A recent article for Sourcing Journal looked at what might happen with the Trans-Pacific Partnership (TPP) agreement if Donald Trump were to win the presidency, and in it, sources both surmised that Trump wouldn’t walk away from the TPP and that he might return to a more normal course of action—contrary to his inflammatory campaign commentary—once in office.
I believe those sources both seriously misunderstand Donald Trump.
What Trump is campaigning for
Trump hasn’t spent his life wanting to be president. For him, America has one big problem, which only he can solve: a Washington-based ruling elite that he believes is more interested in gaining approval from people like themselves than in pursuing the interests of Americans—especially when it comes to foreign affairs and trade deals.
And he thinks that ruling elite is incompetent at negotiating deals. He summarized his approach in a major speech on April 27: “We will no longer surrender this country, or its people, to the false song of globalism.”
He has repeatedly said the TPP is an excellent example of the elite messing up. He rejects pro-TPP arguments, foreign trade deals, he believes, don’t create American jobs. His opposition to them isn’t a cynical ploy to get elected president: it’s the reason he wants to be president.
I don’t care much for his convictions, but he’s a classic conviction politician.
How conviction politicians make choices
If Trump wins, it’s not “normal” politicians he’ll resemble, but other conviction politicians like Barack Obama or Margaret Thatcher—both of whom came to power determined to change how their countries were run.
On trade, Obama seemed to show the pattern of quietly dumping commitments mainstream pragmatic opinion disagreed with. While campaigning in 2008, he promised the then National Council of Textile Organizations (NCTO) president he’d “Use all diplomatic means at my disposal to induce China” to reform its currency, but within a few months of taking office, he was accepting the mainstream advice from the U.S. Treasury that China’s currency policies didn’t amount to currency manipulation.
Obama’s promises to the NCTO weren’t at the core of his campaign commitments, though. Healthcare reform was. The more the political mainstream told him that a major recession was a terrible time to increase government intervention in America’s healthcare system, the more it convinced Obama to stick to his reform goals.
Similarly, Thatcher, in spite of her “Iron Lady” reputation, gave way to pressure from the traditional mainstream on many issues. But when her economic policies were publicly attacked two years after taking office by 364 of Britain’s most distinguished economists, she could name just two supporting her. The economy began to improve almost the day that attack surfaced in the press—and she became increasingly reluctant to listen to anyone else afterward.
“Pragmatic” reassurances by established experts rarely convince conviction politicians to change their mind on issues close to their core convictions.
So what would President Trump do?
We don’t of course know whether Congress will have ratified the agreement by the time a President Trump would take office on Jan. 20, 2017.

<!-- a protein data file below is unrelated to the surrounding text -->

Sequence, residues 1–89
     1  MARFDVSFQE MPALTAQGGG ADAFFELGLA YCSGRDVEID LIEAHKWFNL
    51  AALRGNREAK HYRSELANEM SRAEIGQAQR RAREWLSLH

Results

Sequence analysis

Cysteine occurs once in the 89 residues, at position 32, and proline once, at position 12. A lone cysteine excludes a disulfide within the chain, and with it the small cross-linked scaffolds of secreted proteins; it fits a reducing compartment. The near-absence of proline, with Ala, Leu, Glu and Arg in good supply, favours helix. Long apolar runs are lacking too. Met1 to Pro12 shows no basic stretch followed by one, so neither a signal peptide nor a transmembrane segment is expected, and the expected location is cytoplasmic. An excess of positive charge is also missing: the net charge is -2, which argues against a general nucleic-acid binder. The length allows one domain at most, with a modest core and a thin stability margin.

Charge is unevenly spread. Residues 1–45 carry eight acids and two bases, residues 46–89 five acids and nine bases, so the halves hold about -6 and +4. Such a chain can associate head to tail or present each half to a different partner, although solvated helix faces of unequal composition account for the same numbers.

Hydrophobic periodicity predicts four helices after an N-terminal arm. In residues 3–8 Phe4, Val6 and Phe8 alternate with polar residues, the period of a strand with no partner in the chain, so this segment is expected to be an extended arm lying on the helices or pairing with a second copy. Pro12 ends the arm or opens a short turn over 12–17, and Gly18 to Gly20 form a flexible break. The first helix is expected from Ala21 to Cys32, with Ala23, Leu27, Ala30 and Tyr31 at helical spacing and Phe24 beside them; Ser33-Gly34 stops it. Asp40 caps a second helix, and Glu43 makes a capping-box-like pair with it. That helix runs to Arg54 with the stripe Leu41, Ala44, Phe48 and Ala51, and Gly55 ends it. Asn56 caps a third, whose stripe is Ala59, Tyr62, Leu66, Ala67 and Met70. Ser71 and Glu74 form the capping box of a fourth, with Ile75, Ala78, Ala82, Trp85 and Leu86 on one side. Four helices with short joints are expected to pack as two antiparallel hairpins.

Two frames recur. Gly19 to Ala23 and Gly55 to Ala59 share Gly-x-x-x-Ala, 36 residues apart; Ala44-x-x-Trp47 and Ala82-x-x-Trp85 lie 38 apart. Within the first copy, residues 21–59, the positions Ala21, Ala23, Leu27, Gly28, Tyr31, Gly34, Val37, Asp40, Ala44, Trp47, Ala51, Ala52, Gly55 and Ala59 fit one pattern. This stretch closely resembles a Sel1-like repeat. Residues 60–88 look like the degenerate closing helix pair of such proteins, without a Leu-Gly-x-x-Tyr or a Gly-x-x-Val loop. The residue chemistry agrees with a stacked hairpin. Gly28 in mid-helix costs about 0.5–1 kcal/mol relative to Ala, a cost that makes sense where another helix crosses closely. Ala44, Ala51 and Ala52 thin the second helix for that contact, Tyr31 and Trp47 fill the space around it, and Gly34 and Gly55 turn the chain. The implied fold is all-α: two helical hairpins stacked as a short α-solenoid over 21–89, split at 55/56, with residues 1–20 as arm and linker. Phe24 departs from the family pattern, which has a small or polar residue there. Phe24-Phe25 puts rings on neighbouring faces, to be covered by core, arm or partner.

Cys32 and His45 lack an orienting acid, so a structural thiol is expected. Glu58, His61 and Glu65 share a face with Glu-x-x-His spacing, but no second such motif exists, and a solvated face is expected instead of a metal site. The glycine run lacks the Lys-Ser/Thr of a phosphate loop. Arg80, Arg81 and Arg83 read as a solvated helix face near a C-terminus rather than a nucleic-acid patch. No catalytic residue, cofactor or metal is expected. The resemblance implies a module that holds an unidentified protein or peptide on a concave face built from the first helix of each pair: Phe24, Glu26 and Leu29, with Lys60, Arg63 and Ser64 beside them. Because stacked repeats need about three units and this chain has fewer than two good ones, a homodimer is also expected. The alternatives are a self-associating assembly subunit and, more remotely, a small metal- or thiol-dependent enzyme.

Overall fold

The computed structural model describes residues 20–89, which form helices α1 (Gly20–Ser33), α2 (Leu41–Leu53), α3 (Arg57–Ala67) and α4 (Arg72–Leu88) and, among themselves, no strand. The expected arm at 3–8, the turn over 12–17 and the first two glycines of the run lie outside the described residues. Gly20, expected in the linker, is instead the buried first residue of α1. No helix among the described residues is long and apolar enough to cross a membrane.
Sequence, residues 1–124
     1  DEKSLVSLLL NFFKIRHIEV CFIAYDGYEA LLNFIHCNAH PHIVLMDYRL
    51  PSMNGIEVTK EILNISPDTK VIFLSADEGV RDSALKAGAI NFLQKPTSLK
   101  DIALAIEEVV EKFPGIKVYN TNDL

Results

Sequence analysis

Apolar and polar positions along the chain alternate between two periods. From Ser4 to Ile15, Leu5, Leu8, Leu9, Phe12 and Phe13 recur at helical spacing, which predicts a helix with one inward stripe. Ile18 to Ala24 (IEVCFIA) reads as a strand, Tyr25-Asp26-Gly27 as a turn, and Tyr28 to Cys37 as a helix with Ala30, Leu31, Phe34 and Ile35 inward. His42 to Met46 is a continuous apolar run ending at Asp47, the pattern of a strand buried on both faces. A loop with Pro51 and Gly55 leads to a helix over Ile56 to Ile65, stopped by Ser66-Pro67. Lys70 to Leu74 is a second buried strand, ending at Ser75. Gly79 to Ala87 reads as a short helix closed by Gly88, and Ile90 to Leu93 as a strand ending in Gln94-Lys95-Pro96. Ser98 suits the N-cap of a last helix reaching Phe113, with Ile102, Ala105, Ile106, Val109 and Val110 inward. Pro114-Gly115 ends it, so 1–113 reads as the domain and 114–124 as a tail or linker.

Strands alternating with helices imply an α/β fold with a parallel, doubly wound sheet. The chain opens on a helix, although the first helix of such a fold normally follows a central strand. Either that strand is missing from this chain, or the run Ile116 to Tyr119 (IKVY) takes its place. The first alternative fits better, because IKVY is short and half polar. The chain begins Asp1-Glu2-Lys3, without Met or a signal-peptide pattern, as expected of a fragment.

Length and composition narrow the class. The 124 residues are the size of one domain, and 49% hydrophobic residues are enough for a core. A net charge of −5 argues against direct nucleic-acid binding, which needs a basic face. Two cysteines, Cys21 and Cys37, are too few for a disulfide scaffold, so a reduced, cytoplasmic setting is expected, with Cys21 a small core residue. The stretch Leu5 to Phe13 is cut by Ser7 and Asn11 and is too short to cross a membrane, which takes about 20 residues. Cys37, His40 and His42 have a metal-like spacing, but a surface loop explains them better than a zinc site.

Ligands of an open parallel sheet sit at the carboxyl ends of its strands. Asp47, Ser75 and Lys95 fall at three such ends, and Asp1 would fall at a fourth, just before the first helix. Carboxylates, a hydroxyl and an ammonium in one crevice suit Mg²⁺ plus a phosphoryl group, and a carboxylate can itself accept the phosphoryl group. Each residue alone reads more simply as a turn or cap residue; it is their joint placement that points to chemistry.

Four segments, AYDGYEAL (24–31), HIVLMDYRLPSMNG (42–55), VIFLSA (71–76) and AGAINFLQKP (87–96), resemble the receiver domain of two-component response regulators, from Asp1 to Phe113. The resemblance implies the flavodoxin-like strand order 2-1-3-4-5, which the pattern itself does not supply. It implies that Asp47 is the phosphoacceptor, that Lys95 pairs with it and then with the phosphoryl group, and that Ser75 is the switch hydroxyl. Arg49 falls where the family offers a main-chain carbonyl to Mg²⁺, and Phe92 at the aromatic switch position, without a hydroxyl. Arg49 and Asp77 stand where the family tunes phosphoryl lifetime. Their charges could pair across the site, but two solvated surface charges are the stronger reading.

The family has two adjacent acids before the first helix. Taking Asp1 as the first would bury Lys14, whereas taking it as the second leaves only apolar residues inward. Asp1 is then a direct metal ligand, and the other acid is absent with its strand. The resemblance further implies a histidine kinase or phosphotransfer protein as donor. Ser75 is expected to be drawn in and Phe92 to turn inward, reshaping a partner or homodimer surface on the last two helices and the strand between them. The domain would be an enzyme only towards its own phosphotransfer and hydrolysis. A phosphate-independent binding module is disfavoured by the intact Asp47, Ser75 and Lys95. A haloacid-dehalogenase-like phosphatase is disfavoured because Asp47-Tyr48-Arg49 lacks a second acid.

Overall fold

TPP advocates still believe it will be submitted for ratification after the November election. I believe the procedures required to approve it are just too complex and time-consuming to squeeze into the two months, and that Congressional opinion is moving against it anyway. But even if it does go through, U.S. ratification isn’t complete until the president submits written notice to Congress that he’s checked that all the other 11 TPP partners have taken measures necessary to comply with all the promises in the deal.
Several TPP partners won’t ratify the deal until 2017, and the compliance notice has to come after they’ve all ratified it. So, if Trump wins the presidential election, it will have to come from him. And he’ll have no difficulty at all in finding something he’ll claim proves Vietnam or Japan isn’t honoring the spirit of the deal. Trump is as likely to issue the compliance notice essential for U.S. ratification of the TPP in its current form as the North Koreans are to hold a democratic election.
But what about a President Clinton? Or a President Cruz?
I’d say it’s inconceivable that Trump would allow TPP to be enacted on his watch, at least without substantial changes he could present as evidence Trump-style negotiating tactics work.
But most polls still say Hillary Clinton would beat Donald Trump—and no-one’s ever called her a conviction politician. She’s said she now opposes TPP and has laid out a number of areas where she wants change. So her election would mean renegotiation. As would Ted Cruz’s election if he gets the nomination and then beats Clinton.
On current form, the TPP agreement struck last October seems doomed, whoever wins. The only question seems to be how destructively the new president deals with what would, in effect, be a veto.
Nothing is certain in politics. But anyone believing the TPP will be around next January is very likely to be disappointed.
Mike Flanagan, CEO Clothesource. Clothesource offers consultancy on the world garment industry using the wide resources of The Clothesource Knowledge Base – the most comprehensive collection of information anywhere about sourcing for the apparel industry. He can be contacted at Flanagan@clothesource.net.